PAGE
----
On August 22, 2017 the Town’s Finance Committee adopted a Long Term Financial Strategy, a document that analyzes the Town’s present capital asset funding financial position and develops strategies and actions to address the calculated funding gap that exists between what is contained in Town planning documents and current financial resources. The Long term Financial Strategy provides guidance for preparing future capital project budgets.

pdf Long Term Financial Strategy (1.58 MB)  


Financial Statements

Each year the Town of Canmore financial statements are audited and filed with the Province of Alberta per legislative requirements.  Both consolidated and unconsolidated statements are available below.

Consolidated: Statements include the financial information for board operated entities wholly funded by the Town of Canmore (e.g. Canmore Public Library and Canmore Community Housing Corporation (CCHC)).

pdf 2020 Consolidated Financial Statements (4.53 MB)

pdf 2019 Consolidated Financial Statements (4.36 MB)

pdf 2018 Consolidated Financial Statements (1.12 MB)

pdf 2017 Consolidated Financial Statements (1.14 MB)

pdf 2016 Consolidated Financial Statements (1.10 MB)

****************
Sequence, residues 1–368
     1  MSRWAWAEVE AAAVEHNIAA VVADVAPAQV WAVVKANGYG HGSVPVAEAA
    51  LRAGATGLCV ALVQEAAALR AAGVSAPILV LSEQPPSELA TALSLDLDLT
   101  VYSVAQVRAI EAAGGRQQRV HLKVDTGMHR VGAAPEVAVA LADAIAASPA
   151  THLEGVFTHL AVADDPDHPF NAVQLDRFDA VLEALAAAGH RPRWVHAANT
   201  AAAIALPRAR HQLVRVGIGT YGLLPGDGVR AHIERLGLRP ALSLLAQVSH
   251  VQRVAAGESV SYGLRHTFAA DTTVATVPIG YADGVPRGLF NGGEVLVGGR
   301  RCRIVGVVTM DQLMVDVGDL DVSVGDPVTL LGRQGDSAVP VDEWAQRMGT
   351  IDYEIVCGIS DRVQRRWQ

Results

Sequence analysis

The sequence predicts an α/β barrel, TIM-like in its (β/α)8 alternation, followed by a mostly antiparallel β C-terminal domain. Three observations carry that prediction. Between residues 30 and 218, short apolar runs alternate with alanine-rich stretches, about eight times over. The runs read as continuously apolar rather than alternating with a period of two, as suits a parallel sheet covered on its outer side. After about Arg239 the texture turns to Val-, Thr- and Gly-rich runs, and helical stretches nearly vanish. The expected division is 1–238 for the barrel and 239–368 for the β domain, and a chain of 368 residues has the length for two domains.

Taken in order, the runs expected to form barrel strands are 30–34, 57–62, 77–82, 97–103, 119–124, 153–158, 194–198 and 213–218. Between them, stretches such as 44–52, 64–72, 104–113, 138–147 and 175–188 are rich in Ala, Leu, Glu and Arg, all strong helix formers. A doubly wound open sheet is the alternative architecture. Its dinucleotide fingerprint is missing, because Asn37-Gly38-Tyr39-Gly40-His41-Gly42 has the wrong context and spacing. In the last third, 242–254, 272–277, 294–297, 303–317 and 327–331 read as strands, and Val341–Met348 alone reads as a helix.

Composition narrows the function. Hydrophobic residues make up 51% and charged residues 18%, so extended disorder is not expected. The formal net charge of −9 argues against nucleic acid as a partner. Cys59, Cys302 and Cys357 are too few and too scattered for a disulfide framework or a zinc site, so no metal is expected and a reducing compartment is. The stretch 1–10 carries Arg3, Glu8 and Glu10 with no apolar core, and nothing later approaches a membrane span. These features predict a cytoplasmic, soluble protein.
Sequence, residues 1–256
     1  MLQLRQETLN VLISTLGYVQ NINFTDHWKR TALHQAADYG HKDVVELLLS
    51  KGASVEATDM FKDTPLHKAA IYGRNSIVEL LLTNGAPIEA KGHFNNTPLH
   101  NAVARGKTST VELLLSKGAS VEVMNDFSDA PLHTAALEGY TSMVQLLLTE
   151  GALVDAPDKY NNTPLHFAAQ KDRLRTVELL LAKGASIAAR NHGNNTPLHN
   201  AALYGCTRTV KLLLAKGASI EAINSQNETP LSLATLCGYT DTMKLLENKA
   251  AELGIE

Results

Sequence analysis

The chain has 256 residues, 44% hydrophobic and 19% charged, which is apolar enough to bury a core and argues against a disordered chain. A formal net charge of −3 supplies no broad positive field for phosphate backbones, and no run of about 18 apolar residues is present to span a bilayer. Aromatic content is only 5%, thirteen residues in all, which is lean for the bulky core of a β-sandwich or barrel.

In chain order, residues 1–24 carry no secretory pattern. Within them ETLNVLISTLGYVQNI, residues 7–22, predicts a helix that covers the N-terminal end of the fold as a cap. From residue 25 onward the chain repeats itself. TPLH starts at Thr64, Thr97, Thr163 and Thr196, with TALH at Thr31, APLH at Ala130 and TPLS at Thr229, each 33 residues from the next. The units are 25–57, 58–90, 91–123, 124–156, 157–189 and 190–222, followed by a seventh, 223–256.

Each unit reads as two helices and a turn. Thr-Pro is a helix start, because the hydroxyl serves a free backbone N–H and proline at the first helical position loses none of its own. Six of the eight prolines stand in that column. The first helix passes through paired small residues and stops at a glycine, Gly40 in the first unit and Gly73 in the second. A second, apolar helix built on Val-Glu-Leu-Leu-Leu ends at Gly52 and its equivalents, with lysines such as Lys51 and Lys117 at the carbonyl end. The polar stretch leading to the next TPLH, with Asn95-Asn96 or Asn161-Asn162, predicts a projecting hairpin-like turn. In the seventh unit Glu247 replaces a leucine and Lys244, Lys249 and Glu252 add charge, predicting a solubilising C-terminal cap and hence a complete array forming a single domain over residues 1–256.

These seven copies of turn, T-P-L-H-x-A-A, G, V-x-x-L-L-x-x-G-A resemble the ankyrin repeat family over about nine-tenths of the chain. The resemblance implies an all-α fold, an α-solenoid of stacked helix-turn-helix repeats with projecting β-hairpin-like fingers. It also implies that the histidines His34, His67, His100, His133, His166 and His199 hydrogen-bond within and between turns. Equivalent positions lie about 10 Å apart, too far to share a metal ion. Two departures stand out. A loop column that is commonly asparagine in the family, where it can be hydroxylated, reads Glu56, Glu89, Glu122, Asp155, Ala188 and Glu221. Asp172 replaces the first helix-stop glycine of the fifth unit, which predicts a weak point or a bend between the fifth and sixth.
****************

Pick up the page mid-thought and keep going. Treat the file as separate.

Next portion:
pdf 2015 Consolidated Financial Statements (678 KB)

Non-Consolidated:  Include Town of Canmore finances without board operated entities wholly funded by the Town of Canmore.

pdf 2020 Non Consolidated Financial Statements (4.70 MB)

pdf 2019 Non Consolidated Financial Statements (3.74 MB)

pdf 2018 Non Consolidated Financial Statements (1.12 MB)

pdf 2017 Non Consolidated Financial Statements (1.14 MB)

pdf 2016 Non-Consolidated Financial Statements (1.11 MB)  

pdf 2015 Non-Consolidated Financial Statements (694 KB)



The Town of Canmore is located within Treaty 7 region of Southern Alberta. In the spirit of respect, reciprocity and truth, we honour and acknowledge the Canmore area, known as “Chuwapchipchiyan Kudi Bi” (translated in Stoney Nakoda as “shooting at the willows”) and the traditional Treaty 7 territory and oral practices of the Îyârhe Nakoda (Stoney Nakoda) – comprised of the Bearspaw First Nation, Chiniki First Nation, and Wesley First Nation – as well as the Tsuut’ina First Nation and the Blackfoot Confederacy comprised of the Siksika, Piikani, Kainai. We acknowledge that this territory is home to the Métis Nation of Alberta, Region 3, within the historical Northwest Métis homeland. We acknowledge all Nations who live, work, and play and help us steward this land and honour and celebrate this territory. We commit to working to live in right relations and to advance Truth and Reconciliation.